Both come from Papua. Both are on the older side of the age spectrum (probably in their 50s or early 60s). Both come from small, isolated language groups. Both saw the gospel first come to their people group in the 1970s. Both grew up without access to Scripture in their own language. Both volunteered to come and provide feedback on newly developed oral Bible story sets in their respective languages and came each day with smiles on their faces and engaged in the discussions with gusto.
Once during the Walak review Yair said, “When we’ve heard things from the Bible in the past in Indonesian, it was like hearing something that was a long way off; however, hearing these stories in our own language is like hearing something that is very, very close, right here in front of us.” Their enthusiasm and appreciation for what they were hearing in these Bible stories was infectious and a huge encouragement.
As the review process drew to a close, we took some time in each of their groups for reflection. We reflected on what God has done (and continues to do) in their people group…how He raised up a team from among their language group who were willing to expend themselves on behalf of their people…how He provided for, encouraged and sustained them each step of the way…and how He carried them through to successful completion of this major milestone.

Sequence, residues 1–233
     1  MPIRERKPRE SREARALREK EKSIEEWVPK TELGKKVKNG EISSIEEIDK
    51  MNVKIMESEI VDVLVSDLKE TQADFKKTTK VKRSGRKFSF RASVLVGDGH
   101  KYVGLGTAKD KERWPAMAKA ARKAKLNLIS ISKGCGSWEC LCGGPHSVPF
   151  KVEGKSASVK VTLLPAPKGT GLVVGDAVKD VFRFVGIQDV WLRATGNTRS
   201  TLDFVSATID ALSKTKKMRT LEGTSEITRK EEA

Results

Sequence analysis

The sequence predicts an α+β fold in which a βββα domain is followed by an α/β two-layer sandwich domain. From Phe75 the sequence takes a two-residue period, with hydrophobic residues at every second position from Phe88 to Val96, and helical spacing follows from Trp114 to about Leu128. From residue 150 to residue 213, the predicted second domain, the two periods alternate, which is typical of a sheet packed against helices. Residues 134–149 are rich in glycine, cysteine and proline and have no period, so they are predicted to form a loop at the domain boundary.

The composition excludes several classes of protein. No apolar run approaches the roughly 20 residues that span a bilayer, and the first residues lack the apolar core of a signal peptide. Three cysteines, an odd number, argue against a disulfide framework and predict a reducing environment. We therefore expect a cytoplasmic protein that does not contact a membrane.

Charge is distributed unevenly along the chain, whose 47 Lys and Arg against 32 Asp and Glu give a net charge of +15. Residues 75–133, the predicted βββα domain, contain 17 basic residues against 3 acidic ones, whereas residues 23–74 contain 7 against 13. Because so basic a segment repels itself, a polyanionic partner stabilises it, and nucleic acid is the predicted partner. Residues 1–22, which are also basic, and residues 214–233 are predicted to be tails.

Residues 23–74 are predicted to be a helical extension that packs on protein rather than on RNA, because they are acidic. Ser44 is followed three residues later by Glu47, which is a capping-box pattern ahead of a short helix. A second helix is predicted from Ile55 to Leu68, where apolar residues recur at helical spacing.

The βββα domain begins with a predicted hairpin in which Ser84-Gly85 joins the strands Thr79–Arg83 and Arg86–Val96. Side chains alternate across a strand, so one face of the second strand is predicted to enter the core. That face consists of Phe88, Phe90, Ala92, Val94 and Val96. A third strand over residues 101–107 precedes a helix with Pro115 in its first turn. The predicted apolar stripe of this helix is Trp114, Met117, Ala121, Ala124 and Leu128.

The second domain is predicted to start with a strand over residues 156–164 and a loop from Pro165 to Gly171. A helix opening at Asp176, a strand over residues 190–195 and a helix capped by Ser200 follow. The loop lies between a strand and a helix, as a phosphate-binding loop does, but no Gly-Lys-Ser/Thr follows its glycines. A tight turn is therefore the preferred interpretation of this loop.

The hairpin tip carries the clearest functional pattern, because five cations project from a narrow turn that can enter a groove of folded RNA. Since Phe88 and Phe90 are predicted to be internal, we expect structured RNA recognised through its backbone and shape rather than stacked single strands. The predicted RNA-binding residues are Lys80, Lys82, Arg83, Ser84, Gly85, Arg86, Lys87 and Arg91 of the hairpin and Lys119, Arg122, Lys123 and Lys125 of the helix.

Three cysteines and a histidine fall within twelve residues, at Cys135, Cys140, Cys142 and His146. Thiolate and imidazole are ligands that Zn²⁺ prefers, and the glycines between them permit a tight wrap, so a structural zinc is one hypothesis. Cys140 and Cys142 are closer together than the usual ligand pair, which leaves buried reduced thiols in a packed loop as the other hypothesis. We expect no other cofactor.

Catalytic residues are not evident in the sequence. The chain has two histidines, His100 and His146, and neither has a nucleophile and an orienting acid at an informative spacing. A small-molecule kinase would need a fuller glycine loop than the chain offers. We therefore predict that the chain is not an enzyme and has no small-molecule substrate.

At this point, both Yair and Paulus, each participating in entirely separate reviews, found themselves wholly overwhelmed…eyes became moist, tears began to flow down beautiful, dark cheeks, and voices were raised in passionate expressions of thankfulness to God for having this selection of stories from His word in THEIR OWN LANGUAGE. The tears were infectious and began to spread throughout each of their respective groups…heart-felt sobs, wiping of eyes, a lot of sniffling…rolling waves of emotion.
God help us…and you…to never forget moments like these. We swim in a veritable ocean of Bibles and various Bible helps in English and other major world languages. The Walak and Dou people (and many minority groups like them) have had next to nothing…until now.
Paulus stood unbid at the end of the Dou session and spoke in short bursts through the emotion of the moment, “This is what I need…we don’t understand Indonesian well…our own language we understand… God’s Word…I really need this…my parents….they don’t know Indonesian…so thank you.”
Truth is, it is what we all need; God’s Word in a language and form we can use well (and to use it!).
May God grant the Dou, Walak and other language groups in the KemPa cluster ever increasing access to his Word; and may it be the rock-solid foundation upon which their new lives in Christ develop.
Isn’t that just so encouraging?!? We are so thankful that people like you are part the Bible translation movement with us!
May God hear every one of our prayers for this cause and bless every effort to support it. And may the joy of the Lord indeed be our strength.
Graham and Ellie